Feb. 18, 2010 Researchers from the University of California's Center for Medicinal Cannabis Research (CMCR) have found "reasonable evidence that cannabis is a promising treatment" for some specific, pain-related medical conditions. Their findings, presented February 17 to the California legislature and public, are included in a report available on the CMCR web site.
"We focused on illnesses where current medical treatment does not provide adequate relief or coverage of symptoms," explained CMCR director, Igor Grant, MD, Executive Vice-Chair of the Department of Psychiatry at the UCSD School of Medicine. "These findings provide a strong, science-based context in which policy makers and the public can begin discussing the place of cannabis in medical care."
Researchers have completed five scientific clinical trials, with more in progress. These studies showed that cannabis can be helpful in easing pain in selected syndromes caused by injury or diseases of the nervous system and possibly for painful muscle spasms due to multiple sclerosis.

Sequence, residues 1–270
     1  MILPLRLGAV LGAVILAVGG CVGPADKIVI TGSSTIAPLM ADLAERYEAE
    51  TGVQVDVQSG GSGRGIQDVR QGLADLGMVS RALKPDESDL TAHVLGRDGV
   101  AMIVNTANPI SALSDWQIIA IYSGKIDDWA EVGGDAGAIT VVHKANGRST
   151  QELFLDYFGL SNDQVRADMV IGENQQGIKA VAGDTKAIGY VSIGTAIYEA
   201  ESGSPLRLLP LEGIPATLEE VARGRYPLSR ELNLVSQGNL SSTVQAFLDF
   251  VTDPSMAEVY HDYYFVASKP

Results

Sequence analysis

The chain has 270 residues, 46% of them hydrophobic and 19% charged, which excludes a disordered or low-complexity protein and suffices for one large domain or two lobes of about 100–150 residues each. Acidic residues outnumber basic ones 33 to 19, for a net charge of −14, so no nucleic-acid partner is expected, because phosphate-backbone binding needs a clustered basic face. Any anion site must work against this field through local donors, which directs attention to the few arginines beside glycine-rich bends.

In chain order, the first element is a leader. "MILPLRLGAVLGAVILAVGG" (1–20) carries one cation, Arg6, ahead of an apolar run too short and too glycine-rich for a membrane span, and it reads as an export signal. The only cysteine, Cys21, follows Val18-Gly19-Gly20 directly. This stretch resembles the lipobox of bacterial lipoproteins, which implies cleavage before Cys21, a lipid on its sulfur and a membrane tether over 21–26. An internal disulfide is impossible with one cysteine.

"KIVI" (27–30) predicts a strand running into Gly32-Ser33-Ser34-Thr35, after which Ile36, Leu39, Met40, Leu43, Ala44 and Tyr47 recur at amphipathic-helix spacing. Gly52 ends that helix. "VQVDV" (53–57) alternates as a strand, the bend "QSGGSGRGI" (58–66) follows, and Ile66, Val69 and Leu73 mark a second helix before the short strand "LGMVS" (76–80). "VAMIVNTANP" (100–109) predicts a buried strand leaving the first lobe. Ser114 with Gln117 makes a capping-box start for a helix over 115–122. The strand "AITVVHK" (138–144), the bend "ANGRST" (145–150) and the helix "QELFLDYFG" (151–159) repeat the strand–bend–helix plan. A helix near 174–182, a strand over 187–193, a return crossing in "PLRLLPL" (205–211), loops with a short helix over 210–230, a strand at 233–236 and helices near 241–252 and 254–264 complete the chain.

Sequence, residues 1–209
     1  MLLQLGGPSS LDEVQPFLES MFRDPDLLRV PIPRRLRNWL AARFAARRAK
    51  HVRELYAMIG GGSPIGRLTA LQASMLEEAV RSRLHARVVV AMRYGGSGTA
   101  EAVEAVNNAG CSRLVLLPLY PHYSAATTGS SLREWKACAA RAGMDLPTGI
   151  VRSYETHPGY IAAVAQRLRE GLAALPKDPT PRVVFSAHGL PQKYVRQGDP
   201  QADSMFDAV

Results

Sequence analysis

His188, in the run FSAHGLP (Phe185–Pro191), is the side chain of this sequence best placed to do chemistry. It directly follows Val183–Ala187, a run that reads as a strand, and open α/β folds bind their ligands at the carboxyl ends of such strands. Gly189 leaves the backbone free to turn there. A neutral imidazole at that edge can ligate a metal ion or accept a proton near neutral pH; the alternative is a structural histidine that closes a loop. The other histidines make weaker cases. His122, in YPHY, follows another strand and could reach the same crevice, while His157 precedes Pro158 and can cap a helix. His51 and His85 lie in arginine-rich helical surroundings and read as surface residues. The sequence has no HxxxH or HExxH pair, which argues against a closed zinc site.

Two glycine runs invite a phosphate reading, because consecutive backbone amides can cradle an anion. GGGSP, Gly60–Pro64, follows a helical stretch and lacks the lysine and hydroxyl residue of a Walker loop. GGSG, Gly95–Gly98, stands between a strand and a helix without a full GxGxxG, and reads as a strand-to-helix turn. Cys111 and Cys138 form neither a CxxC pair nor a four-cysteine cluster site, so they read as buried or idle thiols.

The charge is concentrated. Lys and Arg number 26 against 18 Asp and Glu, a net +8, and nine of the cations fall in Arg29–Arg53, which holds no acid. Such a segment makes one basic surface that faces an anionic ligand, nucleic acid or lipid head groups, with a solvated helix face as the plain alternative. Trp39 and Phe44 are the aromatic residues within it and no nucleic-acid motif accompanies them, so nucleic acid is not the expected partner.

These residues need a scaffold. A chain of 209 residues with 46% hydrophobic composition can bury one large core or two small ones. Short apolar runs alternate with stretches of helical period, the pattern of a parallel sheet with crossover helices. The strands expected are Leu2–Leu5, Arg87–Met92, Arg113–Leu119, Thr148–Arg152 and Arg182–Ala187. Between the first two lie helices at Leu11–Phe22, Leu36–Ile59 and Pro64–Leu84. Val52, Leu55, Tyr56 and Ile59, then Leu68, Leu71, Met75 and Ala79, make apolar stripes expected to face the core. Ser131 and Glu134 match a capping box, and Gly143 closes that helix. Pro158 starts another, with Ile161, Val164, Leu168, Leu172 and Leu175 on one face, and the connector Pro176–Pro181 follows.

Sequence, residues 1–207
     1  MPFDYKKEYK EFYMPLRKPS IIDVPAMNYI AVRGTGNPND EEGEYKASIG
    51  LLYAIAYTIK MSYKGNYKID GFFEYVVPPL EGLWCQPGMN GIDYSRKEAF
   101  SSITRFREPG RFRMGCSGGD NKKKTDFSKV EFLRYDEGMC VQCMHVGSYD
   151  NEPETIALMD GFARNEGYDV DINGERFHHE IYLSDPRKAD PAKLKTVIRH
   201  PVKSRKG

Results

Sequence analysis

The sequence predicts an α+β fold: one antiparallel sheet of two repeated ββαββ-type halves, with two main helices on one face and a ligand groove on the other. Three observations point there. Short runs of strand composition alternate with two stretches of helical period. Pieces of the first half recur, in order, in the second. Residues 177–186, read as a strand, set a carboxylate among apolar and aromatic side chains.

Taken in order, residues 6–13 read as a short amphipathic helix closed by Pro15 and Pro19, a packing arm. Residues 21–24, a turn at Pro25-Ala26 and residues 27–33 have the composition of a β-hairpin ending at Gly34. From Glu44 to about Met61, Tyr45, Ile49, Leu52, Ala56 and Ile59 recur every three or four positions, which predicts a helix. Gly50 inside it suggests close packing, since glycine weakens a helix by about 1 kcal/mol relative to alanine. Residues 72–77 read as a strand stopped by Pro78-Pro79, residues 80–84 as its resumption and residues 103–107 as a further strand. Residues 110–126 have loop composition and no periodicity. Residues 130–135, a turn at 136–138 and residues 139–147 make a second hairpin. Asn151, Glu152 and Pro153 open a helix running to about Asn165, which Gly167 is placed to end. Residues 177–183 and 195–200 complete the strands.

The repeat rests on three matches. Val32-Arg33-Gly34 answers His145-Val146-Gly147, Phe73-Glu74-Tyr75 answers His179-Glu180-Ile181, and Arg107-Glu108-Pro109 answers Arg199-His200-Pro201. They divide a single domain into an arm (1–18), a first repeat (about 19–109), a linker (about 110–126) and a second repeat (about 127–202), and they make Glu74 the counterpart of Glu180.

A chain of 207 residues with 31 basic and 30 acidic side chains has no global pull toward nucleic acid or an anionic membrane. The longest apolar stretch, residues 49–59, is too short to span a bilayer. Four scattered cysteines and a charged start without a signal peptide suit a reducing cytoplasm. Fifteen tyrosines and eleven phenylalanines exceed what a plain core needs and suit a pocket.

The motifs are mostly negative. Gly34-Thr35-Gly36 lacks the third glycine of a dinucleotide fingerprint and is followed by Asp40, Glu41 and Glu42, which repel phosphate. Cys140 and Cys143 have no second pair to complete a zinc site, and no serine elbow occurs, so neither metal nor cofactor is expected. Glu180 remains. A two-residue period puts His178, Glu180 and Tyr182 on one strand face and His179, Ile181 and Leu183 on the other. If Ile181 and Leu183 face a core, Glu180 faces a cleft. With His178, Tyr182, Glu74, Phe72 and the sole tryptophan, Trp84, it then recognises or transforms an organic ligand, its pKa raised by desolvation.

"These scientists created an unparalleled program of systematic research, focused on science-based answers rather than political or social beliefs," said Senator John Vasconcellos, original author of The Medical Marijuana Research Act of 1999 (SB847) which led to the creation of the CMCR.
Study results have been published in high-impact medical journals, garnering national and international attention which prompted leading experts to come together and foster scientific dialog on the possible uses of cannabis as a therapeutic agent. More study will be necessary to figure out the mechanisms of action and the full therapeutic potential of cannabinoid compounds, according to the UC researchers.
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